Jane Carter Woodrow

Jane Carter Woodrow has a PhD in Criminology from Cambridge and has worked as a scriptwriter on several high-profile television dramas, including In Suspicious Circumstances and The Bill.

Jasvinder Sanghera

Jasvinder Sanghera CBE was born and brought up in Derby. A survivor of a forced marriage, she is the co-founder of Karma Nirvana, a national project that supports both men and women affected by honour-based crimes and forced marriages. Jasvinder is also an international speaker and a Leading Expert Advisor to the Courts in child and criminal proceedings. Her memoir SHAME was a Sunday Times Top 10 Bestseller. Jasvinder has brought the issue of forced marriage into the public eye and helped the Forced Marriage bill go through Parliament. She has won numerous awards for her work including a Metropolitan Police GG2 Diversity Award in 2005. In 2007 she received one of the prestigious Women of the Year awards. Jasvinder was made an Honorary Doctor of the University of Derby in 2008. She was awarded a Pride of Britain Award in 2009 and was named a Cosmopolitan Ultimate Woman of the Year in 2010. In 2011 the Guardian listed Jasvinder amongst the top 100 inspirational women in the world.

John Connolly

John Connolly is author of the Charlie Parker mysteries, The Book of Lost Things, the Samuel Johnson novels for young adults and, with his partner, Jennifer Ridyard, co-author of the Chronicles of the Invaders. John Connolly's debut - EVERY DEAD THING - introduced the character of Private Investigator Charlie Parker, and swiftly launched him right into the front rank of thriller writers. All his subsequent novels have been Sunday Times bestsellers. He was the winner of the 2016 CWA Short Story Dagger for On the Anatomization of an Unknown Man (1637) by Frans Mier from NIGHT MUSIC: Nocturnes Vol 2.In 2007 he was awarded the Irish Post Award for Literature. He was the first non-American writer to win the US Shamus award and the first Irish writer to win an Edgar award. BOOKS TO DIE FOR, which he edited with Declan Burke, was the winner of the 2013 Anthony, Agatha and Macavity awards for Best Non-Fiction work.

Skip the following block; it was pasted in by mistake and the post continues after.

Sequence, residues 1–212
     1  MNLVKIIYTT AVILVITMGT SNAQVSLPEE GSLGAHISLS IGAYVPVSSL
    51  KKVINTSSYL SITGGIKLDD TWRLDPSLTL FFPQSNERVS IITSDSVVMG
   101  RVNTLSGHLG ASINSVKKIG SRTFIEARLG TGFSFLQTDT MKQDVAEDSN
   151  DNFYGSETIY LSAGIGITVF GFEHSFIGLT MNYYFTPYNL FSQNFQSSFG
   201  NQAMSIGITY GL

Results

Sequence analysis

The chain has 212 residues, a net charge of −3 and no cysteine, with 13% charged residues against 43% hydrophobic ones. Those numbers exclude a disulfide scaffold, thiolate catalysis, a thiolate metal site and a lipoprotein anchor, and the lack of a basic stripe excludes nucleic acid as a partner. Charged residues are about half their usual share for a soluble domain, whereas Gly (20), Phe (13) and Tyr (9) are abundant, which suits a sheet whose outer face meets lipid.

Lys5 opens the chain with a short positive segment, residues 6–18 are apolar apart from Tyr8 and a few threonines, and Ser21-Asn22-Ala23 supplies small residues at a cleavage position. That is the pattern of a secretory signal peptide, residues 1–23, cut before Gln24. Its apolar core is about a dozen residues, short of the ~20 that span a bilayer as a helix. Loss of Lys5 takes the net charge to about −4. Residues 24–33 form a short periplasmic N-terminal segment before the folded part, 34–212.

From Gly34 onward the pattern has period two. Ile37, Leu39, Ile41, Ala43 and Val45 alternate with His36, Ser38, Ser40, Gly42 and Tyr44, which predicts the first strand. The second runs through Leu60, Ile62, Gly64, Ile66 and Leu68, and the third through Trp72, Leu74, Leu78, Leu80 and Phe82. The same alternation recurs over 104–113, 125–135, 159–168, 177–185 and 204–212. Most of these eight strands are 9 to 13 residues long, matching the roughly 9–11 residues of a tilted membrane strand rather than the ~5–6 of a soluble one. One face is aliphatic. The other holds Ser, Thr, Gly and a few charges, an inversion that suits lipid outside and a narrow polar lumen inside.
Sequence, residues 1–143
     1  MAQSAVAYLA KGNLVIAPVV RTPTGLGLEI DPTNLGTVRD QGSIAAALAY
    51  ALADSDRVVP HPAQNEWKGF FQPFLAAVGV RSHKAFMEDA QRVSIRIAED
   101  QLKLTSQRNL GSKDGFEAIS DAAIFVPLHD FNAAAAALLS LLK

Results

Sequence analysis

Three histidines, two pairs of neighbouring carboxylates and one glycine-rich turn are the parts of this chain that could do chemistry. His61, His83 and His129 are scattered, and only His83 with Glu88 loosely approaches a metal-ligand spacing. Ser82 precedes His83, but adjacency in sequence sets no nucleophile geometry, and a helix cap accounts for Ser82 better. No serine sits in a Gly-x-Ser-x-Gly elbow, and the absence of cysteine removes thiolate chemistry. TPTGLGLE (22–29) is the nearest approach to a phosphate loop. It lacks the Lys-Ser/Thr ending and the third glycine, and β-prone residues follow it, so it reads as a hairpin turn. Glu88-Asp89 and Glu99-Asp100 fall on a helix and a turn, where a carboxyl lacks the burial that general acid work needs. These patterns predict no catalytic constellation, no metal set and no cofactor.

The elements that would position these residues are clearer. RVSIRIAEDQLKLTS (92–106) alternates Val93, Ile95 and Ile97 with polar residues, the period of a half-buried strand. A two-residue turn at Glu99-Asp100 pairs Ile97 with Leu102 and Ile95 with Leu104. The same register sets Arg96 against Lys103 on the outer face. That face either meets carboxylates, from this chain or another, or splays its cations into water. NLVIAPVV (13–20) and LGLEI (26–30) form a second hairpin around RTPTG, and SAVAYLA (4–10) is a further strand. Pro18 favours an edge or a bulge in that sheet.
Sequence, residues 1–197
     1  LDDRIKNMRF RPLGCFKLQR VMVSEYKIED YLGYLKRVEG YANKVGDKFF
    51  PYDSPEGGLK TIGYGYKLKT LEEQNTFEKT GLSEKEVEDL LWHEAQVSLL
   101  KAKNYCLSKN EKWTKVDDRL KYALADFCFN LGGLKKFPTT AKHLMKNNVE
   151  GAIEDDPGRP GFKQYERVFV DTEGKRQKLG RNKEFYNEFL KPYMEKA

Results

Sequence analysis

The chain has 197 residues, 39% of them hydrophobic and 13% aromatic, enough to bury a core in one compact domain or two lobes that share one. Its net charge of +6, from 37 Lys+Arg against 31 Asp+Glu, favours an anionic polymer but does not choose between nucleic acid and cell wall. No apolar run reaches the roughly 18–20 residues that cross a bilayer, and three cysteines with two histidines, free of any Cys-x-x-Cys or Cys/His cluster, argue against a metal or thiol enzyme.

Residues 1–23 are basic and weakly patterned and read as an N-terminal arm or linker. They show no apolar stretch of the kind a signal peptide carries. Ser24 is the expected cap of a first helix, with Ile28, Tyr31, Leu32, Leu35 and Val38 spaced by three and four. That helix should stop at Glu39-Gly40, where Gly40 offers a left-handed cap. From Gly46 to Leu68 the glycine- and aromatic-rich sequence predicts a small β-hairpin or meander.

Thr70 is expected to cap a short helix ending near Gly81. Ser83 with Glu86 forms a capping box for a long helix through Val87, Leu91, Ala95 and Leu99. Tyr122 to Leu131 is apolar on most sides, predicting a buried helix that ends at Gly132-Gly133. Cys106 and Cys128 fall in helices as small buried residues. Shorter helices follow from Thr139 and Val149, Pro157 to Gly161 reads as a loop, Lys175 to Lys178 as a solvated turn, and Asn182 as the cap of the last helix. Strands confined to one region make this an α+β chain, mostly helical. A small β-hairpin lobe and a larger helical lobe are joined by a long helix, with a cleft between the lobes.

John Grindrod

John Grindrod grew up on 'the last road in London' on Croydon's New Addington housing estate, surrounded by the Green Belt. He is the author of Concretopia: A Journey Around the Rebuilding of Postwar Britain, described by the Independent on Sunday as 'a new way of looking at modern Britain'. He has written for the Guardian, Financial Times, Big Issue and The Modernist and has worked as a bookseller and publisher for over twenty-five years. He runs the popular website dirtymodernscoundrel.com and can be contacted on Twitter @Grindrod.

John Humphrys

John Humphrys has reported from all over the world for the BBC and presented its frontline news programmes on both radio and television, in a broadcasting career spanning forty years. He has won a string of national awards and been described as a 'national treasure'. He owned a dairy farm for ten years and has homes in Greece and London.

Juno Dawson

JUNO DAWSON is the multi-award-winning author of dark teen thrillers. Her first non-fiction book, BEING A BOY, tackled puberty, sex and relationships in a frank and funny fashion, and a follow-up for young LGBT people, THIS BOOK IS GAY, came out in 2014. Juno is a regular contributor to Attitude Magazine, GT and the Guardian and has contributed to news items concerning sexuality, identity, literature and education on BBC Woman's Hour, Front Row, This Morning and Newsnight. She writes full time and lives in Brighton.

Justin Butcher

Justin Butcher read Classics Greats at Oxford, trained subsequently at Drama Studio London, and has worked all over the world as actor, writer, director and musician in a vast range of roles and productions in theatre, television, radio and film. He has worked extensively as creative consultant in the business, government and voluntary sectors, across the UK and Europe, Russia, the Middle East and Africa.

Kate Fox

Kate Fox, a social anthropologist, is Co-Director of the Social Issues Research Centre in Oxford and a Fellow of the Institute for Cultural Research. She is also a bestselling author of popular social science.Her work involves monitoring and assessing global sociocultural trends, and has included research, publications, lectures, consultancy work and broadcasts on many aspects of human behaviour, including: drinking, risk-taking, beauty and body image, flirting and courtship, crying, patriotism, pub behaviour and pub culture, horseracing, social class, mobile phones, the internet, online social media, menopausal women, cars and driving, gossip, taboos, violence and disorder, attitudes to work, coming of age in the 21st century, motherhood, shopping, individualism, the effects of health scares, the psychology of smell and the meaning of chips. Her most recent book is the major popular bestseller Watching the English: The Hidden Rules of English Behaviour. This book has sold over half a million copies, and is translated into many languages including Chinese, Russian, Polish, Korean and Thai.Kate's other books include The Racing Tribe: Watching the Horsewatchers and Drinking and Public Disorder (co-author with Dr Peter Marsh). Kate is regularly invited to speak at the major literary festivals, as well as guest lectures and seminars at universities, institutes, embassies, trade and professional conferences, etc. in the UK and overseas. She gave the Christmas Lecture at the Royal Geographical Society, and won a debate against Boris Johnson for Intelligence Squared, among other high-profile engagements. She is frequently quoted in the Press and interviewed on radio and television. Kate has also been a regular columnist for Psychologies magazine.Kate is married to the neurosurgeon Henry Marsh, CBE.